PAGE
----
Palestinian Isolate of Tomato Yellow Leaf Curl Virus: Capsid and Nucleic Acid Retention in Bemisia tabaci, Transmission, and Field Study of Virus Association with the Vector and Non-Vector Insects

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Hazem Sawalha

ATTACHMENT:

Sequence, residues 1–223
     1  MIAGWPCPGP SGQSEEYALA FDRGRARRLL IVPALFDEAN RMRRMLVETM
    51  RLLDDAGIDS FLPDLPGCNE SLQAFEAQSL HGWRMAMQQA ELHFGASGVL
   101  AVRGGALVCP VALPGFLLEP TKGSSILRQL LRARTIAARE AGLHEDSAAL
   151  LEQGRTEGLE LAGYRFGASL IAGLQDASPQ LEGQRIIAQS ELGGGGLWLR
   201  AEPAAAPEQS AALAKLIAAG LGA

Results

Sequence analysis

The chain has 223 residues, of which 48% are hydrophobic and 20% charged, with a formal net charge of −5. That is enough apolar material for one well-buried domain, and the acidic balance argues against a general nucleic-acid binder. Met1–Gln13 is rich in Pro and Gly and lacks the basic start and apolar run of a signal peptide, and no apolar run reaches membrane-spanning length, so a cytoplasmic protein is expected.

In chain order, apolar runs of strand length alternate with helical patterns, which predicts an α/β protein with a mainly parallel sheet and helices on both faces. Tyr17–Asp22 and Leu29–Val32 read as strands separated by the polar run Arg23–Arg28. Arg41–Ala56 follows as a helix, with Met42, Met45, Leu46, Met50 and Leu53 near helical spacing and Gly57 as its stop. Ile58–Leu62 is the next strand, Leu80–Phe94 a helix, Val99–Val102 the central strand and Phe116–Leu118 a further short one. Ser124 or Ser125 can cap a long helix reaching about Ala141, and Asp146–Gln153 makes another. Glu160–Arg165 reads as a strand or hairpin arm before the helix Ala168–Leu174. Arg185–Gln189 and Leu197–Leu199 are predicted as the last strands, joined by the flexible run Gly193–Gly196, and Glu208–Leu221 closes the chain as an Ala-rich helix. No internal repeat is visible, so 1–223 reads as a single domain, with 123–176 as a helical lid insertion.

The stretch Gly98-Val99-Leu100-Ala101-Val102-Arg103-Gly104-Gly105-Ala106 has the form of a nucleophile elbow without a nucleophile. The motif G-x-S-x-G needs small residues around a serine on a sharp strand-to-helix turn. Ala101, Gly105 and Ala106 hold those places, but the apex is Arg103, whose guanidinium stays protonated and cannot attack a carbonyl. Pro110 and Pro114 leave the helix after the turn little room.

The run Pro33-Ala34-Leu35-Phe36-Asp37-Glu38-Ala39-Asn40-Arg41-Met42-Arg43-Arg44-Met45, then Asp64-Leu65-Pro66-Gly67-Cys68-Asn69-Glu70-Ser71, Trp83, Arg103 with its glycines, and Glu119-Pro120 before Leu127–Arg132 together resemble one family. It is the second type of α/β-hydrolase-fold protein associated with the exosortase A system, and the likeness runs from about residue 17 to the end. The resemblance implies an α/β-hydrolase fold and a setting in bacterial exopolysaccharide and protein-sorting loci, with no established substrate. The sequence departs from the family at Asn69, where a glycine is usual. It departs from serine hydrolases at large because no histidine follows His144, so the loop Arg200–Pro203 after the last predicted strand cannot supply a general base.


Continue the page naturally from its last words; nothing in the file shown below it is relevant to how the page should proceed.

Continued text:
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Studying the retention of nucleic acid of the Palestinian isolate of the tomato yellow leaf curl virus in the whitefly vector, Bemisia tabaci, by using the polymerase chain reaction (PCR) showed, on one hand, that the viral DNA was retained for at least 24 days after the 48-hours of acquisition access on TYLCV-infected tomato plants. On the other hand, enzyme-linked immunosorbent assays (ELISA) revealed that the virus's antigen persisted for only eleven days, which is much shorter than the retention of the virus’s genome. This feature proved that there is a close relationship between the capsid’s retention in the whitefly vector and the virus’s transmissibility which remained for eleven days. In addition, In Vitro studies proved that the non-vector insects including whitefly, Trialiorodes vaporariorum, and aphids, Myzus persicae, Aphis gossypii and Macrosiphum pisi can also acquire both the viral DNA and the capsid, when given 48-hour acquisition access on infected tomato. Furthermore, studying the viruliferous B. tabaci collected from tomato fields in Al-Far'a region revealed high association of both the viral DNA and the capsid compared with those collected from eggplants near tomato fields which showed low association. This research also proved that the above mentioned non-vector insects pointed out above have the ability to acquire the virus under field conditions with various rates. Therefore, the maximum acquisition of the viral DNA recorded in T. vaporariorum collected from Al-Far'a region was found to be 50%.